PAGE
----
How does Google evaluate your ads and decide where to place them on a search engine result page (SERP)? Google uses a specific metric called Quality Score.

Quality Score (QS) does a couple of things for your Google Ads campaigns. First of all, you should always aim for a higher Quality Score (QS) since it influences the actual cost per click for your ads (the bigger the QS — the lower the cost).
Secondly, combined with the maximum bid that you have set, QS also influences your overall Ad Rank. In turn, your Ad Rank is going to determine the position of your ads in relation to your competitors.

So what makes a Google Ads Quality Score?

  • Ad Relevance
  • Landing Page Experience
  • Expected CTR (click through rate)

Let's take a closer look at all the points mentioned above. 

Ad Relevance

The answers your ads provide for the users' search queries should be as precise as possible. You can achieve that by adding your keywords into the header and the body of an ad.

For example, you could repeat the keyword you are using verbatim, which makes your particular ad more relevant to the search queries that have led to this ad being shown.


Landing Page Quality

Landing page quality includes a variety of factors such as keyword inclusion in the ad copy, ad metadata, user page behavior, the page’s convenience and the user’s ability to find all the necessary information quickly.

Google also analyses user behavior after they have left your page. Basically, this means that if a user goes back to the search engine and uses the same search query they have used before to find another information source, this will send Google a signal that your particular ad-linked webpage does not present relevant information. Needless to say, this will negatively affect your ad’s Quality Score.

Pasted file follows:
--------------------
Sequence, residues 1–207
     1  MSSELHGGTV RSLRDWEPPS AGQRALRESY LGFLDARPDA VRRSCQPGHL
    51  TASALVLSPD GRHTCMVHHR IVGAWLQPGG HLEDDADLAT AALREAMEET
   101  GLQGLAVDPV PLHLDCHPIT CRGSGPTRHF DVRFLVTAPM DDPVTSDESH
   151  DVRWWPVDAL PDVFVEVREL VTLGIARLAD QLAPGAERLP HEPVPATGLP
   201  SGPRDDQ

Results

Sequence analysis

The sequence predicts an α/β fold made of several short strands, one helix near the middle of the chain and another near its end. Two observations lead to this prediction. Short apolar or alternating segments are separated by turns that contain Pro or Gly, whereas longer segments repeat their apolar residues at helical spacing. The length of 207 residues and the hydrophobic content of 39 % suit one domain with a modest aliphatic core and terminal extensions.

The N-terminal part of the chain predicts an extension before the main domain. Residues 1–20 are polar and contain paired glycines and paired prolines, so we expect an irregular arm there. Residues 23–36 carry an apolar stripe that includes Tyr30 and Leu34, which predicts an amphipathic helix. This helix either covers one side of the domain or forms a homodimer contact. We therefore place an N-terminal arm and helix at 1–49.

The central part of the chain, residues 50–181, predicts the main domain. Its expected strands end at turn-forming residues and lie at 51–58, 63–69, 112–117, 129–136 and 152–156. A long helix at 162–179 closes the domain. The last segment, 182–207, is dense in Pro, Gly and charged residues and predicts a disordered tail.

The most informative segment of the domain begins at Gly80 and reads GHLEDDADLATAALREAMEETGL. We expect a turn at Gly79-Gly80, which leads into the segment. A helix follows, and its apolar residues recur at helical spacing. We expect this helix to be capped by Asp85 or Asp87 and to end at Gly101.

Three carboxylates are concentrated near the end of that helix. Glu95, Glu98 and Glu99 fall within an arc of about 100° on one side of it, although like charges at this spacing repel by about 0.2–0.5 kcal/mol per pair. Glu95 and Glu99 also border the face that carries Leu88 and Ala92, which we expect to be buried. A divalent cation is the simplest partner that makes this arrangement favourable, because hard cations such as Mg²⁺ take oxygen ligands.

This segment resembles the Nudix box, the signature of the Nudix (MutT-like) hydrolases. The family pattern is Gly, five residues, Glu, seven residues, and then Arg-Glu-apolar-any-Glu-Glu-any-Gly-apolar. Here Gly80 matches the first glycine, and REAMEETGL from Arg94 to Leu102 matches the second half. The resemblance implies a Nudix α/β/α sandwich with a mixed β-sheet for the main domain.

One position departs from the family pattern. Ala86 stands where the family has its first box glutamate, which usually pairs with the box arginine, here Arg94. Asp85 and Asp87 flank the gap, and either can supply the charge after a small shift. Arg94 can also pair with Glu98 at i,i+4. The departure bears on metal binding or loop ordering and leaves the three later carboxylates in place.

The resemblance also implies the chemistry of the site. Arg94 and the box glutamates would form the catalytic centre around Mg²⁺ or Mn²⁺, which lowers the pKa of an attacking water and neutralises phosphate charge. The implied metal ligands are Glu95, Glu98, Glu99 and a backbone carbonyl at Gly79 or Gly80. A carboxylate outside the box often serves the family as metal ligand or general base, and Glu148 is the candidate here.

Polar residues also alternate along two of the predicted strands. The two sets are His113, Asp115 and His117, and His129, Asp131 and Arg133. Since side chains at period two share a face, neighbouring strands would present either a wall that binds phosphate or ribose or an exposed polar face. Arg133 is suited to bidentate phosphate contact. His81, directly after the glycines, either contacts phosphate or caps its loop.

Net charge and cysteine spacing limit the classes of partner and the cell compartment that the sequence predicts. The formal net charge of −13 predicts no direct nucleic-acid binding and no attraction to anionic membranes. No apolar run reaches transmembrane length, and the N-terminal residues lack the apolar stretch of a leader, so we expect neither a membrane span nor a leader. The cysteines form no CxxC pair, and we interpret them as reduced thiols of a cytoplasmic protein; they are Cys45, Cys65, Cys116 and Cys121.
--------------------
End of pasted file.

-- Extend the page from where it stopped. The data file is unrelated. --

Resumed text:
Google will also analyze whether your landing page is mobile-friendly or not. It is a known fact that mobile traffic volume is now outpacing that of desktop so Google will definitely check if your landing page is mobile-compatible.


Expected CTR

Historical CTR data influences your expected CTR. It is very important to optimize your ads CTR-wise. It means that you don’t have to chase the first ad position by overheating the auction through aggressive bid raising. Try optimizing your CTR and you will end up paying less than your closest competitors do.

You will need to pull in additional columns to see all these stats in your reporting dashboard and make the right decisions according to them.

Extra columns with Quality Score data


You need to pull these columns in from the left-hand side of the dashboard by clicking «Keywords», then «Modify Columns».


After that, choose new columns under the «Quality Score» section. You can add everything we spoke about before, such as Landing Page Quality, Ad Relevance and Expected CTR.

You can also use historical quality score data to compare changes in your performance. This will be very helpful if you decide to change your ad copy or upgrade your landing page.


Google Ads Quality Score

Now, after you’ve added these new columns you will be able to see your Quality Score next to each of your keywords. It is displayed using a scale of 1 to 10.

If you hit a Quality Score of 7−10 you might want to focus on adding additional keywords or testing out new strategies, whereas lower scores identify that you need to work on the points mentioned earlier in the blog, such as CTR or your Landing page.

Based on this data you can make decisions on where to pay closer attention: on the ad itself, the landing page or focus more on the potential ad CTR.

Track your Quality Score, create the most relevant ads, craft convenient easy-to-use landing pages, add them to your ads, and never link your ads to unrelated pages and you will be able to achieve the best ad positions and pay less money than your competitors.

eLama, PPC Marketing Specialist and Brand Evangelist